[0022] The bone conduction transducer assembly 130 produces sound by vibrating bone in the user’s head. The bone conduction transducer assembly 130 is coupled to an end piece of the frame 105 and is configured to be behind the auricle coupled to a portion of the user’s bone. The bone conduction transducer assembly 130 also receives audio instructions from the controller 150. The bone conduction transducer assembly 130 vibrates the portion of the user’s bone which generates a tissue-borne acoustic pressure wave that propagates toward the user’s cochlea, thereby bypassing the eardrum. The bone conduction transducer assembly 130 may include one or more transducers to cover different parts of a frequency range. For example, a piezoelectric transducer may be used to cover a first part of a frequency range and a moving coil transducer may be used to cover a second part of a frequency range. Additional detail regarding the air conduction transducer assembly 125 can be found in the detailed description of FIG. 3.

[0023] The acoustic sensor 135 detects an acoustic pressure wave at the entrance of the ear of the user. The acoustic sensor 135 is coupled to an end piece of the frame 105. The acoustic sensor 135, as shown in FIG. 1, is a microphone which may be positioned at the entrance of the user’s ear. In this embodiment, the microphone may directly measure the acoustic pressure wave at the entrance of the ear of the user.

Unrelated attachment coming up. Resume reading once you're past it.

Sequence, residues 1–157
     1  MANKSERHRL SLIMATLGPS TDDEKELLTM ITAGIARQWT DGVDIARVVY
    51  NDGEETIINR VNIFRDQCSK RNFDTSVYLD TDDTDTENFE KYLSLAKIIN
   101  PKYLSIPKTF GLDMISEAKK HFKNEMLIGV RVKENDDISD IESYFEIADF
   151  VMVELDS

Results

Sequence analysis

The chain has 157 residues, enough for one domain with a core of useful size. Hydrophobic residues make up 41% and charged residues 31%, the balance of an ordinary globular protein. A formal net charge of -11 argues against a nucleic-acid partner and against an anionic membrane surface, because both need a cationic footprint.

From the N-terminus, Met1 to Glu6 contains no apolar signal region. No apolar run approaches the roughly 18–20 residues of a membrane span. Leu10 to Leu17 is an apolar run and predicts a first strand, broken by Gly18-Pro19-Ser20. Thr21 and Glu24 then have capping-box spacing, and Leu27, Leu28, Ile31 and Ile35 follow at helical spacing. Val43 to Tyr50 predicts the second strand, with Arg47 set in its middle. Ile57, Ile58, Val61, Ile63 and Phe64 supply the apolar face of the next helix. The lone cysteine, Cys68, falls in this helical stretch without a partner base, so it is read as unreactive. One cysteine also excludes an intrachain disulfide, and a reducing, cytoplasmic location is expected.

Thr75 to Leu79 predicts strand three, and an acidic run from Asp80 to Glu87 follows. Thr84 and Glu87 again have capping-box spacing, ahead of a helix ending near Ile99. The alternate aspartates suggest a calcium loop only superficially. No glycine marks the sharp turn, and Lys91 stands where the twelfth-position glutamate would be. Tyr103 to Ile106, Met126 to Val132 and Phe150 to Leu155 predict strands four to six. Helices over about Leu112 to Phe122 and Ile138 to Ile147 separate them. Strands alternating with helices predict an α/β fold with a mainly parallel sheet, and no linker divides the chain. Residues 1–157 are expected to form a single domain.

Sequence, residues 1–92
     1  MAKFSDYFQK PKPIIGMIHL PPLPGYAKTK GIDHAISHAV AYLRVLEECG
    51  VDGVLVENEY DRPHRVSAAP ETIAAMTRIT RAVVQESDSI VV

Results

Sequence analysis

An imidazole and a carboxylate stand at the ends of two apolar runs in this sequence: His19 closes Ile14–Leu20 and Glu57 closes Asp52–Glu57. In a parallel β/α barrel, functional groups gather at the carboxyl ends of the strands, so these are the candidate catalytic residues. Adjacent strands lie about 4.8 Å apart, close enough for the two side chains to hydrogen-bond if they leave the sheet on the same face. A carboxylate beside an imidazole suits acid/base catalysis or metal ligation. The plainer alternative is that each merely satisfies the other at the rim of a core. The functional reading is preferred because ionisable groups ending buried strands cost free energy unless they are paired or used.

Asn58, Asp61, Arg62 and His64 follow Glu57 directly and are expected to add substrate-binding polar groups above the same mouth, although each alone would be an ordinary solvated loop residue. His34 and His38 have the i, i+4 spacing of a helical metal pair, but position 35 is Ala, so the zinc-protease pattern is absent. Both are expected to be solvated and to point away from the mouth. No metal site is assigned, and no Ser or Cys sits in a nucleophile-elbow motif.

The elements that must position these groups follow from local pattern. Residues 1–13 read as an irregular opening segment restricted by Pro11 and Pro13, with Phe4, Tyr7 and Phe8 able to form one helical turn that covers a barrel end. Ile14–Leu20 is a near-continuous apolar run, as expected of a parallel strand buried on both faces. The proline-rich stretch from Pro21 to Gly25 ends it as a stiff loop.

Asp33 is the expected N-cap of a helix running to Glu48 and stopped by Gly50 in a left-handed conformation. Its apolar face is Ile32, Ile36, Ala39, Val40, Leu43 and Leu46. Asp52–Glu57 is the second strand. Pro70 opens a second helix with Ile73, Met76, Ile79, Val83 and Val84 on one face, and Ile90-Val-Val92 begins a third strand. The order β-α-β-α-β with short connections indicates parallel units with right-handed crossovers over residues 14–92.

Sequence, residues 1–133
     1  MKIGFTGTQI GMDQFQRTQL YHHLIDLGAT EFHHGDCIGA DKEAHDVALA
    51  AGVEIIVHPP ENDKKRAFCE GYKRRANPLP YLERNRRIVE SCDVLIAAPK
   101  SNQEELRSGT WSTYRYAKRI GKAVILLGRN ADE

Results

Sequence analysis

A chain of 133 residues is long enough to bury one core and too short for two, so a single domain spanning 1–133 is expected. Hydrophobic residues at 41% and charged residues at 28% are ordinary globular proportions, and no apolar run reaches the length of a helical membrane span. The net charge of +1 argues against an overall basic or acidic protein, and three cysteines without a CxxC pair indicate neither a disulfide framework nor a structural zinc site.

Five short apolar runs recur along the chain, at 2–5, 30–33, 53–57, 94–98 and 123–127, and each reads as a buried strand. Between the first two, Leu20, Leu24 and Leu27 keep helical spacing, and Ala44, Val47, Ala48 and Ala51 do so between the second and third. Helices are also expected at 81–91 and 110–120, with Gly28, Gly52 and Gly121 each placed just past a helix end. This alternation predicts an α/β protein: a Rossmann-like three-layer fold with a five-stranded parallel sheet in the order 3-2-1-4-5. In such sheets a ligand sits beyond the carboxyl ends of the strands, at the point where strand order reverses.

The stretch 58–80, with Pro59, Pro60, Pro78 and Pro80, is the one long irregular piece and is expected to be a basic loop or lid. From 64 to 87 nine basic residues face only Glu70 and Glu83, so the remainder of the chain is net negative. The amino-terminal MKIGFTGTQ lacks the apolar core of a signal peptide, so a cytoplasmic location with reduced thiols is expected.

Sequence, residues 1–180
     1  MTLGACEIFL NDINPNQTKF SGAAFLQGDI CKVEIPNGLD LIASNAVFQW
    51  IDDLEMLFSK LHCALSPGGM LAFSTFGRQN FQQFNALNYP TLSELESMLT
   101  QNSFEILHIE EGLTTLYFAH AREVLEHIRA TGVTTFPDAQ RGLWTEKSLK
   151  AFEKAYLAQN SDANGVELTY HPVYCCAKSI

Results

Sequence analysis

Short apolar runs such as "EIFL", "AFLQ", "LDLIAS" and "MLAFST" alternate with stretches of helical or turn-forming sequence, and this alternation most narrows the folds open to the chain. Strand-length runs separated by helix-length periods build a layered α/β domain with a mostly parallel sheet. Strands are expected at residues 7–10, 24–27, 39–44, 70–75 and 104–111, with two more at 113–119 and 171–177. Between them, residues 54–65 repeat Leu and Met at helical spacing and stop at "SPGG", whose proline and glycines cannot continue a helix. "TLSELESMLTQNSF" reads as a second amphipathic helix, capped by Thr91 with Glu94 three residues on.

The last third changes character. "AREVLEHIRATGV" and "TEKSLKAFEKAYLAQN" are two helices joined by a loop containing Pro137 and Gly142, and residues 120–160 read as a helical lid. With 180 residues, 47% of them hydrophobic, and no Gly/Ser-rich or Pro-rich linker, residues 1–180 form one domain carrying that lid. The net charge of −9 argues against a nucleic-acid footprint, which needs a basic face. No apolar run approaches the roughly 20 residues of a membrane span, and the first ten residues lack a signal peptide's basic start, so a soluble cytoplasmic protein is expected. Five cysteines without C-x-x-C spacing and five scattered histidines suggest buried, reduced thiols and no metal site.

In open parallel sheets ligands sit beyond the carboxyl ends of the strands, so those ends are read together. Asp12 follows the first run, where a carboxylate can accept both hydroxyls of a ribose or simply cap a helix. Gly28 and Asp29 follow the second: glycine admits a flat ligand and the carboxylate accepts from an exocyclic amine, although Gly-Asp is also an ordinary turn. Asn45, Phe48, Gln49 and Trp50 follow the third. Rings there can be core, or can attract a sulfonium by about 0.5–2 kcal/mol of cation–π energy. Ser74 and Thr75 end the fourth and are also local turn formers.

[0024] Alternatively, the acoustic sensor 135 is a vibration sensor that is configured to be coupled to the back of the auricle of the user. The vibration sensor may indirectly measure the acoustic pressure wave at the entrance of the ear. For example, the vibration sensor may measure a vibration that is a reflection of the acoustic pressure wave at the entrance of the ear and/or measure a vibration created by the transducer assembly on the auricle of the ear of the user which may be used to estimate the acoustic pressure wave at the entrance of the ear. In one embodiment, a mapping between acoustic pressure generated at the entrance to the ear canal and a vibration level generated on the auricle is an experimentally determined quantity that is measured on a representative sample of users and stored. This stored mapping between the acoustic pressure and vibration level (e.g., frequency dependent linear mapping) of the auricle is applied to a measured vibration signal from the vibration sensor which serves as a proxy for the acoustic pressure at the entrance of the ear canal. The vibration sensor can be an accelerometer or a piezoelectric sensor. The accelerometer may be a piezoelectric accelerometer or a capacitive accelerometer. The capacitive accelerometer senses change in capacitance between structures which can be moved by an accelerative force. In some embodiments, the acoustic sensor 135 is removed from the eyewear device 100 after calibration. Additional detail regarding the acoustic sensor 135 can be found in the detailed description of FIG. 3.